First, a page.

The 180 girls studying at Hadera's Noam elementary school and their female teachers share only one toilet stall. At recess a long line forms outside the toilet, and some of the teachers say they are forced to work the entire school day, from 7:30 A.M. to 3:30 P.M., without going to the toilet.
The boys have four toilet stalls, but some of them are unusable due to blocked sewerage pipes and leaks.
"Beyond the health hazard to the girls and us," one of the female teachers says, "the continued neglect shows the [municipality's] contempt for the most basic human needs."
Hadera municipality, which is responsible for the school's maintenance, blames the Noam non-government organization operating the school for the situation.
The school, which belongs to the Noam chain of religious state schools, relocated a few days before the school year began on September 1 to a new building that was unsuitable as a school for 316 pupils in first to sixth grades and 27 teachers. The toilet stalls are insufficient or out of order, some of the air-conditioning units do not work and there is no adequate transportation for the children. One of the classrooms lacks a door.
"We're doing our best to bring the structure to a reasonable standard, but some things are beyond our power," says principal Rami Biton.
The city began installing additional toilet stalls for girls and fixing the boys' toilets, but the work has yet to be completed. "They keep telling us they are dealing with the problems but nothing is happening," says Yakir Maor, a member of the school's parents committee.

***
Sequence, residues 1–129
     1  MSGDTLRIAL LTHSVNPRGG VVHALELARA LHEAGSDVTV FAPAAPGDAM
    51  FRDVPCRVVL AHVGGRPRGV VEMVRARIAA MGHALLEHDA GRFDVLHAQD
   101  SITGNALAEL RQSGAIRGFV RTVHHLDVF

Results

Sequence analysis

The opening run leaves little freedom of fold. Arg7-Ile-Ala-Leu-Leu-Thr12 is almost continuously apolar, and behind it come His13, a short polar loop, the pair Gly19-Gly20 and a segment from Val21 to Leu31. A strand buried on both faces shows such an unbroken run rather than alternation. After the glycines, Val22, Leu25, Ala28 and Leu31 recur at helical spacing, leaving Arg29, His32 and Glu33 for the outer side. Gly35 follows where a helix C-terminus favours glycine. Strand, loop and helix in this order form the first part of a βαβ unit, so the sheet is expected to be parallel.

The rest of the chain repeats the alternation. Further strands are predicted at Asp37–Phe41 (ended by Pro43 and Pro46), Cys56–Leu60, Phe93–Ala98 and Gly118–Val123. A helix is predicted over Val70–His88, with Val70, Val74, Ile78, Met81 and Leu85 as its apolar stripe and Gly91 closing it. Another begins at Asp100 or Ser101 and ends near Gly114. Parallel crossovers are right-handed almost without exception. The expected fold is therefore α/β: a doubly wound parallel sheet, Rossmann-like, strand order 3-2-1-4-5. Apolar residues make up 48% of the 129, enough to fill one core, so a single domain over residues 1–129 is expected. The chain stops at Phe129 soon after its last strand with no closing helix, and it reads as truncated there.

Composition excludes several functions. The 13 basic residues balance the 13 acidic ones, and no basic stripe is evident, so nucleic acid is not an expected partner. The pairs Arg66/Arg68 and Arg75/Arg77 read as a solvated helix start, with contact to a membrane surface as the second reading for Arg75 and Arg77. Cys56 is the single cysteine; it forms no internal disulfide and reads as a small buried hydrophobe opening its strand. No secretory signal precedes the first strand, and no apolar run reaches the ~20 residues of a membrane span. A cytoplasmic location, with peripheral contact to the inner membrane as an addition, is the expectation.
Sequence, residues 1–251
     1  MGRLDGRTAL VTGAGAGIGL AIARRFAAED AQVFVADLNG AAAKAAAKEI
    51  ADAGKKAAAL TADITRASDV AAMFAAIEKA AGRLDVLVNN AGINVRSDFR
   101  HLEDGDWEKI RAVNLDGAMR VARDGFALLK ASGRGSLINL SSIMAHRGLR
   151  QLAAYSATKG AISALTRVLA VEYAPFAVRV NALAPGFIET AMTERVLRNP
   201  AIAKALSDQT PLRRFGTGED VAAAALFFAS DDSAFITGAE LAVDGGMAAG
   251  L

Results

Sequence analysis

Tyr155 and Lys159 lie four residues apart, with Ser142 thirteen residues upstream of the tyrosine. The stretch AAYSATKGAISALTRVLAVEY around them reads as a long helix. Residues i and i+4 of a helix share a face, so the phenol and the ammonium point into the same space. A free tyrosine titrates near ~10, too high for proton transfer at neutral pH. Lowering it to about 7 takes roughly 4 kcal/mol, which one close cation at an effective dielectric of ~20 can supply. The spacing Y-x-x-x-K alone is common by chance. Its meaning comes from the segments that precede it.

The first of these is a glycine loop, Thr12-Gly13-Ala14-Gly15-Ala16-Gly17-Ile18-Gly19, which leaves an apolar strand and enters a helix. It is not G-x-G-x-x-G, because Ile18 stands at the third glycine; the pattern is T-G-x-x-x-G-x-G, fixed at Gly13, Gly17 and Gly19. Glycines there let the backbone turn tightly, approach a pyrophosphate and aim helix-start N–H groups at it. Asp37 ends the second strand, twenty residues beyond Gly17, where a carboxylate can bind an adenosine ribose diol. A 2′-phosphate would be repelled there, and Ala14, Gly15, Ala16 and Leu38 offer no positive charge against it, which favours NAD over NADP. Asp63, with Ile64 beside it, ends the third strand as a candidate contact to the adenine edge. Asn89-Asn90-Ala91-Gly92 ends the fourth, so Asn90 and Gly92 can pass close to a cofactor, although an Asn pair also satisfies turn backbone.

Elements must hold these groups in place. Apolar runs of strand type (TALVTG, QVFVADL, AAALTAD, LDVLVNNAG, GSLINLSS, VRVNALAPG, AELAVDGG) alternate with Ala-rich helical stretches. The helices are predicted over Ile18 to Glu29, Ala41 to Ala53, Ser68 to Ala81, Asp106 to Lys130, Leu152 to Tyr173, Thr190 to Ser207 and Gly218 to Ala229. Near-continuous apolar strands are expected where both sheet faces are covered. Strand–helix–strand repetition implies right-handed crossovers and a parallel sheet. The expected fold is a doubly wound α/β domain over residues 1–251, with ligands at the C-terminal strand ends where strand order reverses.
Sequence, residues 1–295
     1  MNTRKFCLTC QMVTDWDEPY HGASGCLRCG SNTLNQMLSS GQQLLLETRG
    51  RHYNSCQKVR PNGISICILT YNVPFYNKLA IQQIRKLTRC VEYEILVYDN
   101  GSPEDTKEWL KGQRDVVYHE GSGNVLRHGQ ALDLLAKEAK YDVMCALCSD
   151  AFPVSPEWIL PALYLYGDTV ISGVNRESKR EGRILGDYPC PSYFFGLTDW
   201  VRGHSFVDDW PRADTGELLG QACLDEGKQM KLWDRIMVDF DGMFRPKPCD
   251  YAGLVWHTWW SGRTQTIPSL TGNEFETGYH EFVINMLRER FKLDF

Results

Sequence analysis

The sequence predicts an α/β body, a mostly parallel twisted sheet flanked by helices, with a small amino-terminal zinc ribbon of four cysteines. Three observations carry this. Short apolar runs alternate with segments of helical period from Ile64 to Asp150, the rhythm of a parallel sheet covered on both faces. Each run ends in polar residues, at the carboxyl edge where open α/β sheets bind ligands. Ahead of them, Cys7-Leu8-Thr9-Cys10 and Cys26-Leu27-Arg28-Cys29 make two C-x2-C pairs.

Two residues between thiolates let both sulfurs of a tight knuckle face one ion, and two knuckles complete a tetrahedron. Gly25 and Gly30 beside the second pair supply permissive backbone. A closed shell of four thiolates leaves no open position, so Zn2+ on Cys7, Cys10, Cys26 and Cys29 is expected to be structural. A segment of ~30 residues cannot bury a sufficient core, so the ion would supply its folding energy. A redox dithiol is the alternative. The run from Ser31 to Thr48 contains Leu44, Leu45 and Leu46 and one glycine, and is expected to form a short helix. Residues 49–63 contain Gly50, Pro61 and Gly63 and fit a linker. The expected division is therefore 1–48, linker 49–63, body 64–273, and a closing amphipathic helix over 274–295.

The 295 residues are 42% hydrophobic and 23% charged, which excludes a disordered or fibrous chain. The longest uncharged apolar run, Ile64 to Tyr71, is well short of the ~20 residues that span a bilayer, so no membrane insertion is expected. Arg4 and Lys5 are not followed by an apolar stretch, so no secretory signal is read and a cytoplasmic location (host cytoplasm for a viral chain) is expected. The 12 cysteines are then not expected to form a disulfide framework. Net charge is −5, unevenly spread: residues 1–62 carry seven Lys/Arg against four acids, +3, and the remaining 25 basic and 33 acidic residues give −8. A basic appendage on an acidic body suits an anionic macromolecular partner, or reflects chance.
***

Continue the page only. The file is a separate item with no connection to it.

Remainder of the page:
"Immediately after the school year opened they promised to complete the repairs during the holidays. But they didn't do that either. It's hard to believe that anyone would agree to have only one toilet stall in city hall," he says.
"I'm angry at the municipality, but also at ourselves for keeping quiet for two months and letting them continue this situation," says parents committee chair Zmira Halevy.
"In recess there's a long line to the toilet so I try to hold it in until the end of the school day," says Nirit, a pupil. "It's no fun studying like this."
"I feel this is harmful to the girls' health and to ours," says one teacher. "Not going to the bathroom makes the teachers less patient in the classroom. A functioning bathroom with sufficient stalls are the most minimal conditions. Even animals have better conditions."
Dr. Yitzhak Kadman, director of the National Council for the Child, says "this building is unfit for human beings. Even many Third World places have better conditions."
The Education Ministry commented that "the owner - the local authority - is responsible for the school's infrastructures."
Hadera's municipality said it is aware of the problems and "a work plan approved for 2009 includes upgrading the schoolyard, including the toilet facilities."
Hadera's education department director Amnon Arye said the city has invested some NIS 200,000 into converting the new building into a school "although two-thirds of the pupils aren't even residents of Hadera. It's the Noam NGO's responsibility and not the municipality's."
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